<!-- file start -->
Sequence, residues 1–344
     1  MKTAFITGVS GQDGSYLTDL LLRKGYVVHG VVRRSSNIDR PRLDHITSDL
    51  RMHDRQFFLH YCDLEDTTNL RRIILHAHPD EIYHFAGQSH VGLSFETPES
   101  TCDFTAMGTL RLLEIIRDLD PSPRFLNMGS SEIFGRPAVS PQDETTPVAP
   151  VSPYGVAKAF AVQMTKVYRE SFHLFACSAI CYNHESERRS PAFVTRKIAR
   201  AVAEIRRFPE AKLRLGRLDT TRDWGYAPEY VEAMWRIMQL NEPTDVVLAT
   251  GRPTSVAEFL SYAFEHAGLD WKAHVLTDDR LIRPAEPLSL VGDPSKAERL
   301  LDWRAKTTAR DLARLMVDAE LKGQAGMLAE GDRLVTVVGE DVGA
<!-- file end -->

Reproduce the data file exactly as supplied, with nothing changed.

Sequence, residues 1–344
     1  MKTAFITGVS GQDGSYLTDL LLRKGYVVHG VVRRSSNIDR PRLDHITSDL
    51  RMHDRQFFLH YCDLEDTTNL RRIILHAHPD EIYHFAGQSH VGLSFETPES
   101  TCDFTAMGTL RLLEIIRDLD PSPRFLNMGS SEIFGRPAVS PQDETTPVAP
   151  VSPYGVAKAF AVQMTKVYRE SFHLFACSAI CYNHESERRS PAFVTRKIAR
   201  AVAEIRRFPE AKLRLGRLDT TRDWGYAPEY VEAMWRIMQL NEPTDVVLAT
   251  GRPTSVAEFL SYAFEHAGLD WKAHVLTDDR LIRPAEPLSL VGDPSKAERL
   301  LDWRAKTTAR DLARLMVDAE LKGQAGMLAE GDRLVTVVGE DVGA